Published in The Aspen Daily News on July 7, 2014

What makes for good art?

To be fair, that’s a loaded question, and one that artists and critics have debated for ages. In general, however, “good art” transcends cultures and ages, ringing true to a wide range of audiences.

The music of 25-year-old Jon Batiste — a singer, pianist and musical savant — did just that when he played a late-night, hour-long set at The Little Nell on Monday, June 30, as a part of the Aspen Ideas Fest.

That night, Batiste’s most moving pieces began in the classical realm — starting with the sort of songs you imagine classical pianists play to perfect their finger-placing technique and music-reading skills. As those songs progressed, Batiste began to improvise — throwing in ditties from classic song standards like “The Entertainer” and “Moon River.” At other moments, he would slow down the rhythm to create a blues jazz beat.

When Batiste finished his short set, the audience shouted for more. Batiste smiled and agreed to play one more song in honor of Aspen. It was an improvised classical piece weaving “Somewhere Over the Rainbow” in and out of chaotic discord. The harsh juxtaposition was poetic and seemingly appropriate for an audience full of second homeowners visiting a resort town for a conference on “big ideas” related to the world’s problems.

Batiste blends musical genres, creating a complex pastiche, where music melodies from childhood songs swell up and disappear in the midst of a classical opus like fleeting memories. That’s why his music appealed to both the young and the old, the diners and the servers in the room. And that, I would argue, is good art.

Originally published in The Aspen Daily News on December 10, 2010

When Walter Benjamin wrote about an object existing beyond its material essence and taking on a new identity in the minds of its owner in his 1931 essay “Unpacking My Library: A Talk About Book Collecting,” sculpture had not yet evolved into an art form that could reflect Benjamin’s abstract theory. However, that idea is at the center of British sculptor Roger Hiorns’ show at the Aspen Art Museum, which opened Thursday, Dec. 9.

Hiorns displays six transparent alien-like shapes that hang on the wall of the upstairs exhibit. The pieces are made out of ballistics-grade plastic and have small chunks of brain matter from veal calves placed where the anus of the abstract beings would be.

Hiorns acquired the brain matter from a farm in central England where he visited the calves when they were still alive.

“All of the brain matter — the calves — viewed me when they were still conscious beings. I was keen to be present in the hypocampus of the calves,” says Hiorns.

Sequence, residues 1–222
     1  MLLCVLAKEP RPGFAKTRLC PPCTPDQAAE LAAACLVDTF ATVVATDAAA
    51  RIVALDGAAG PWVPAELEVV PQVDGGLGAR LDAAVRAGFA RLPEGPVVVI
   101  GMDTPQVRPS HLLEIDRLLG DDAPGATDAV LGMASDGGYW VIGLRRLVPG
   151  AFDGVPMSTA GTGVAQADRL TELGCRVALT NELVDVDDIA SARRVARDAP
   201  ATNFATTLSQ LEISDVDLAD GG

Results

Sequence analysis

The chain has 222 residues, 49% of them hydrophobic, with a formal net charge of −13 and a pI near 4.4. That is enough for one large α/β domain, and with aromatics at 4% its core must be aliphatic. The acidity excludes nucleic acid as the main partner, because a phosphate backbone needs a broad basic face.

By displaying brain matter in plastic, manufactured sculptures, Hiorns attempts to juxtapose the significance of an object that has had real-life experiences with its material existence.

“The world is small,” Hiorns adds. “And through that notion I became interested in the idea of fundamental materials — what the world is made up of, some biological and others manufactured by us.”

Hiorns has displayed his works at the Tate Modern art museum in London, and was shortlisted for the 2009 Turner prize. He is known in the art community for combining obscure industrial materials with more familiar objects to create conceptual juxtapositions that can at times be uncomfortable, as even Hiorns admits.

“The forms are drawn in a very specific way,” he says. “They are alienish and kind of awkward. I’m not trying to produce a product that has a home. Some are [intentionally] clumsy, and I don’t want to be completely polite about it.”

While Hiorns’ alien forms and morbid materials can be a challenge for some, Mamma Andersson, whose exhibition is showing concurrently with Hiorns in the downstairs exhibit space, displays familiar, dreamlike images. Andersson’s sense of scene is very particular, with fuzzy backgrounds but detailed objects.

As a former landscape artist, Andersson’s earlier pieces are vivid landscapes. As she developed as an artist and physically moved further away from nature, domestic scenes took over her work. Some of her most interesting pieces have nature encroaching into domestic scenes. One painting titled “Ebb and Flow” depicts a familar scene of a bed and desk on the right side of the painting while a large cliff and trees creep into the background of the painting’s left side.

People are never the focus of Andersson’s works, often they have their backs to the viewer, suggesting the scene is more interesting than the individuals themselves, and rarely are they as detailed as the objects that sit next to them.

“The people in the paintings are not communicating to the viewer and not talking with one another,” says Andersson. “And it can be about [the feeling of] isolation when you are with other people who you share a lot with.”

Andersson is a Swedish artist and this will be her first solo exhibition in the United States.

“This show is very special because it has a lot of different pieces from different shows and you can see a range of [ideas],” she says.

Both exhibitions will run until Feb. 6, 2011, and will be followed by Mark Manders’ exhibition that will run Feb. 18 to May 1, 2011.